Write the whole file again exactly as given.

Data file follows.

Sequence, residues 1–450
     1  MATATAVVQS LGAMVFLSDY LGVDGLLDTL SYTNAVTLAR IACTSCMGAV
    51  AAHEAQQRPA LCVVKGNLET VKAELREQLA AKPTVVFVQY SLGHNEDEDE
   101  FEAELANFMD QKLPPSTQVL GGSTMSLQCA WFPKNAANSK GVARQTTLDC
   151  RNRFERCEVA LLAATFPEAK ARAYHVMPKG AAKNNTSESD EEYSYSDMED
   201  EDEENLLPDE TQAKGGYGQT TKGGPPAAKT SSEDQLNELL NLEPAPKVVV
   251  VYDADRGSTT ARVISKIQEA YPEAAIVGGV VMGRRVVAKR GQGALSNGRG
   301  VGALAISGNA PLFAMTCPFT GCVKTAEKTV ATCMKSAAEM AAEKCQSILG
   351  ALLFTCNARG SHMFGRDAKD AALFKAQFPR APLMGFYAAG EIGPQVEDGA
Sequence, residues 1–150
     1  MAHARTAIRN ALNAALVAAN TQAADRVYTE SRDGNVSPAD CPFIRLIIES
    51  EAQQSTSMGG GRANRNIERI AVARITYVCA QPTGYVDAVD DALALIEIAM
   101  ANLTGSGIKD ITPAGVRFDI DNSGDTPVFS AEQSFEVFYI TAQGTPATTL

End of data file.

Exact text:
Sequence, residues 1–450
     1  MATATAVVQS LGAMVFLSDY LGVDGLLDTL SYTNAVTLAR IACTSCMGAV
    51  AAHEAQQRPA LCVVKGNLET VKAELREQLA AKPTVVFVQY SLGHNEDEDE
   101  FEAELANFMD QKLPPSTQVL GGSTMSLQCA WFPKNAANSK GVARQTTLDC
   151  RNRFERCEVA LLAATFPEAK ARAYHVMPKG AAKNNTSESD EEYSYSDMED
   201  EDEENLLPDE TQAKGGYGQT TKGGPPAAKT SSEDQLNELL NLEPAPKVVV
   251  VYDADRGSTT ARVISKIQEA YPEAAIVGGV VMGRRVVAKR GQGALSNGRG
   301  VGALAISGNA PLFAMTCPFT GCVKTAEKTV ATCMKSAAEM AAEKCQSILG
   351  ALLFTCNARG SHMFGRDAKD AALFKAQFPR APLMGFYAAG EIGPQVEDGA
Sequence, residues 1–150
     1  MAHARTAIRN ALNAALVAAN TQAADRVYTE SRDGNVSPAD CPFIRLIIES
    51  EAQQSTSMGG GRANRNIERI AVARITYVCA QPTGYVDAVD DALALIEIAM
   101  ANLTGSGIKD ITPAGVRFDI DNSGDTPVFS AEQSFEVFYI TAQGTPATTL